Samples 30 cm x 30 cm in area from the pool were carefully placed on a netted table and left for several hours to drain brine trapped in the channels. By putting the brine-drained ice sample on a black cloth sheet, or more effectively by floating the sample in open water, we could observe clearly the cross-sectional form of individual brine channels.

To observe microscopically the distribution of brine channels in a complex ice crystal structure, we have developed a new technique of taking polarized photographs which shows brine channels as well as grains, lighting the sample through a slit from one side, not from below. An example is shown in Figure 1.

Horizontal section of an ice sample obtained in the pool. Bright parts indicated by arrows are the horizontal section of brine channels. A scale of 1-mm interval is indicated on the upper.

SPATIAL DISTRIBUTION OF BRINE CHANNELS

Microscopic observation

From numerous photographic analyses we found that brine channels of new ice form frequently in boundary areas where two or more grains intersect, not in contact boundaries between parallel grains or within the grains. However, in samples of thicker ice sheet some brine channels were observed to exist within the interior of grains at lower levels. According to vertical sections of ice samples, a predominant brine channel advances in a straight line toward the growing ice front. Although the brine channels form in the intersecting boundary areas of grains at an initial stage of ice growth, they may subsequently advance vertically, independent of grain orientation.

Large scale observation

As shown in Figure 2, brine channels in new ice spread homogeneously in space, and are roughly similar in size. To test homogeneity in larger samples an area of 10 m x 10 m in the fast ice cover was selected as a test site. Ice samples were taken from a network of 3 x 3 stations within the test site. The cross-sectional area of the nine ice samples was about 45 cm x 45 cm. A depth of 7 cm from the bottom surface of ice samples was selected as a test level for the observation of brine channels.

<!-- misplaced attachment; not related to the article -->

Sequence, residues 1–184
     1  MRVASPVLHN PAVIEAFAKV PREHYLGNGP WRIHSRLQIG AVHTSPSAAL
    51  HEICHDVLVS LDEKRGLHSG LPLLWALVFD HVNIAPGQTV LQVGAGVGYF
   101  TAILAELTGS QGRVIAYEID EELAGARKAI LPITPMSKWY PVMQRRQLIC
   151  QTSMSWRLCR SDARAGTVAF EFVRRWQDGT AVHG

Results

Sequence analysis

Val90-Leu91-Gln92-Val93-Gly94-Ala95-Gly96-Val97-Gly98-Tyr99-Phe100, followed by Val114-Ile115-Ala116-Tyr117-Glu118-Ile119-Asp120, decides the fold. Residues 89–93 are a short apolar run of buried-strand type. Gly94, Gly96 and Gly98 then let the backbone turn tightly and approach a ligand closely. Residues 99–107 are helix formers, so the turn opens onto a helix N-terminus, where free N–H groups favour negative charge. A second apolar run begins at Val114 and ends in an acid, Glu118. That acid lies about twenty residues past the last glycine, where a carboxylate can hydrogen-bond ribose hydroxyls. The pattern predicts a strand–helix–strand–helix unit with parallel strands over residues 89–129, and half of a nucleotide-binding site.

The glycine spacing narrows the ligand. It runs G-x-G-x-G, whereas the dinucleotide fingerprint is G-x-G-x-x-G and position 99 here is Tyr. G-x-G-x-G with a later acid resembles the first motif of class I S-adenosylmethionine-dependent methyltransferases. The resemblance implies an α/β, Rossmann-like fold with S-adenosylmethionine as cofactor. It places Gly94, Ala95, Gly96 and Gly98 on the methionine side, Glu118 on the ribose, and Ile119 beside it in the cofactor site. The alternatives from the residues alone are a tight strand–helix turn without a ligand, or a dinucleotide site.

A macroscopic view of the horizontal section of brine channels, each resembling the shape of a bright star.

We found that spatial density of predominant brine channels varied little between ice samples selected: the average density was 2.4 ± 0.2 channels/100 cm2, and individual brine channel size was similar throughout. We concluded that the predominant brine channels spread homogeneously in space, at least in young sea ice like the sheet we were studying, which formed under calm natural conditions.

Ice growth rate effect

The spatial density of brine channels as a function of ice growth rate was examined using samples of new ice (up to 6 cm thick) obtained in the pool. The only other data available on this subject are laboratory observations at higher growth rates of Saito and Ono (1980) on NaCl ice. As shown in Figure 3, their results compare reasonably with the present observations in spite of large differences between laboratory and natural conditions. The maximum thickness of two kinds of ice samples shown in Figure 3 is about 10 cm. Hereafter, let us call an ice growing process up to the thickness the initial stage of ice growth.